Frankenboob. Will I need more surgery? (Photo)

Trying not to freak out. After my Implant I was sent home with a Normal and a Collarbone breast. I know having High Breasts is normal when going under the Muscle, and it needs to "Drop and Fluff" The part that freaks me out is I have to walk around work and live like a FREAK - "One Up & One Down" with "Opposite" Breasts? Questions: Will I need More Surgery? Will I ever have a Matching Set? Is there a way to speed up recovery? Is there a trick to relax the Muscle to "Drop" my Breast?

Doctor Answers 6

Asymmetry post BBA

hi - it looks like you may have some swelling on the left side. I recommend you visit your surgeon for an examination. It is likely straightforward to sort out but you definitely need an assessment. Good luck


Discuss the situation with your surgeon to determine what will be needed moving forward to correct this.  It is hard to say what needs to be done based on the photo but a revision may be likely given the large disparity.  Best wishes, Dr. T. 

Frankenboob. Will I need more surgery?

Thank you for sharing your question and photograph.  Based on the degree of asymmetry, and the skin color of the higher breast, I would see your surgeon for an in-person evaluation.  I would have concerns of a possible hematoma on that side.  If all ends up being well then you at least have reassurance that the elevated position is due to swelling from surgery.  Hope this helps.

Nelson Castillo, MD
Atlanta Plastic Surgeon
5.0 out of 5 stars 38 reviews

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How do I get my breasts even in height, and do I need further surgery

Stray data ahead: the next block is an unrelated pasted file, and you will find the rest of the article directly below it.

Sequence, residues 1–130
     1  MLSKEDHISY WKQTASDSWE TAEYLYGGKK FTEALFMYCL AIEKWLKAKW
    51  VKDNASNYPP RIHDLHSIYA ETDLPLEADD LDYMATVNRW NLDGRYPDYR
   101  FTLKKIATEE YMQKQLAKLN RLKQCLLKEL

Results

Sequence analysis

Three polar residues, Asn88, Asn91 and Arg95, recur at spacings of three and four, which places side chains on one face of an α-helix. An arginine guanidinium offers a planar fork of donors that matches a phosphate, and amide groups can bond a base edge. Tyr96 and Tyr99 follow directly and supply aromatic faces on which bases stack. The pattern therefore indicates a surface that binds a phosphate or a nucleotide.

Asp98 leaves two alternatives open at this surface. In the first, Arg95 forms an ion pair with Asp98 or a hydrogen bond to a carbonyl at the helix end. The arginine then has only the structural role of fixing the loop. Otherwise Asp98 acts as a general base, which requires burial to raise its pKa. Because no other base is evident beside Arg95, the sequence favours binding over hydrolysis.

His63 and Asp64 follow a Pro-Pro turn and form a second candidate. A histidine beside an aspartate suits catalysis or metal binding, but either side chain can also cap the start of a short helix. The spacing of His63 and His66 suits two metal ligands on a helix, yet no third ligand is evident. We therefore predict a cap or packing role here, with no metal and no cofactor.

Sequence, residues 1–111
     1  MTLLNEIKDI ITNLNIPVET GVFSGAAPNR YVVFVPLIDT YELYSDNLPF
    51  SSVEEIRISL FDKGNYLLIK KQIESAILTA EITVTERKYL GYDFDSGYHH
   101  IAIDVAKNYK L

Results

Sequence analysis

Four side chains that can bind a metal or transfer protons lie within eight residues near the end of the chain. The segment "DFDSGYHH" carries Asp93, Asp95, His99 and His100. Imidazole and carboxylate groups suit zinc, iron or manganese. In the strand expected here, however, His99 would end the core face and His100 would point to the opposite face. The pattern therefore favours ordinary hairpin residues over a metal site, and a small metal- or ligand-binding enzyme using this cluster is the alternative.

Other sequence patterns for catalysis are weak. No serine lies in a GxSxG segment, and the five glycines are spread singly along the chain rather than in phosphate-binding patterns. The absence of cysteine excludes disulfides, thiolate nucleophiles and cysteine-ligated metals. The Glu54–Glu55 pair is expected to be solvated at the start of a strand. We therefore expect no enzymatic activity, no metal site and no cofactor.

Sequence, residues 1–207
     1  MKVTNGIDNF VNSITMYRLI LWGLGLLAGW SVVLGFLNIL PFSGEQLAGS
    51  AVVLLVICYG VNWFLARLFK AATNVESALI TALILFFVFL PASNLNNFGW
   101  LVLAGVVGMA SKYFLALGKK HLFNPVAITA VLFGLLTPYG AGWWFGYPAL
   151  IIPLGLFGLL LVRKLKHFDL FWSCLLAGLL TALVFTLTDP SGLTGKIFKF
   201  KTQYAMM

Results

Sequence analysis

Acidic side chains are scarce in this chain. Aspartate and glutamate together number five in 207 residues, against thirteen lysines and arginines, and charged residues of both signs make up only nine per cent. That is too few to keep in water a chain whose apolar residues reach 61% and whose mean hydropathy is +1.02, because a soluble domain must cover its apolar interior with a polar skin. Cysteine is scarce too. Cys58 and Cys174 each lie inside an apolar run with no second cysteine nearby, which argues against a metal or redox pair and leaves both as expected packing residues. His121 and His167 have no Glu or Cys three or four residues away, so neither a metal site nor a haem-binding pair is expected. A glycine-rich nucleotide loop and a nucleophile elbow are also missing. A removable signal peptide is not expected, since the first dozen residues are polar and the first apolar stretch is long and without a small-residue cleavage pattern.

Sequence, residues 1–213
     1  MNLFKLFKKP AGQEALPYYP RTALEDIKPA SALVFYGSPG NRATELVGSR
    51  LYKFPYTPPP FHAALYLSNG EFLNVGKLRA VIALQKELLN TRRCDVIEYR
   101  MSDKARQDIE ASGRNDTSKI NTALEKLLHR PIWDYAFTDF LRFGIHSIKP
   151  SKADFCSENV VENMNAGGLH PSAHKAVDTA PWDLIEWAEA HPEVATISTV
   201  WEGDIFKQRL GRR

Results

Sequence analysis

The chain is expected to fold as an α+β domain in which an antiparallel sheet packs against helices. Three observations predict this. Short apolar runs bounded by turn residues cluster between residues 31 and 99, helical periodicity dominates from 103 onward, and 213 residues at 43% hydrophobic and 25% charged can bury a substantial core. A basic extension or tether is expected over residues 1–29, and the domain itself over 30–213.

It is clear that the left breast looks higher and fuller than the right side.  I have no idea how you looked before the surgery, nor how long you are after surgery, nor the size of the implants on each side.  It could be that you have fluid on the left side of the breast pocket.  This could be evaluated by a thorough examination by your Plastic Surgeon- perhaps even a sonogram or ultrasound of the breast might be obtained to evaluate as to whether fluid may be present.  As you would imagine from my answer the best starting position would be to call your Plastic Surgeon and have him or her see you for a full examination at this time.

Good luck to you.

Frank Rieger M.D.  Tampa Plastic Surgeon

Breast asymmetry after augmentation

I'm sorry you have concerns after your breast surgery.  Many patients notice asymmetry for the first few months, but it's usually fairly subtle. Your asymmetry is pretty noticeable, so if you didn't start with a lot of asymmetry, you should see your surgeon to discuss this in person. If there is fluid or bleeding on the higher side, that won't correct itself, and it will increase your risk of infection and capsular contracture. 

If your breasts were symmetric before surgery, and there is no complication, it is possible that the implants won't look the same after relaxation of the muscle and skin ("fluffing" or "dropping"). You can wear a bandeau strap to encourage the higher implant to come down, but I would not do this without discussing it with your surgeon. I hope everything works out. 

Dana Goldberg, MD
Jupiter Plastic Surgeon
5.0 out of 5 stars 31 reviews

Concerns regarding significant breast asymmetry after breast surgery.

 Your concerns are certainly understandable.  Although some degree of asymmetry is to be expected, short and long term after breast augmentation surgery, the degree of asymmetry visible on the photograph is quite significant.  Depending on how far out of surgery you are, the asymmetry may be related to fluid accumulation.

 Hopefully, you have communicated your concerns directly with your plastic surgeon;  if not, please do so.   Again, it will be important to rule out complications that are causing these asymmetry.

 Best wishes for an outcome that you will be pleased with long-term.

These answers are for educational purposes and should not be relied upon as a substitute for medical advice you may receive from your physician. If you have a medical emergency, please call 911. These answers do not constitute or initiate a patient/doctor relationship.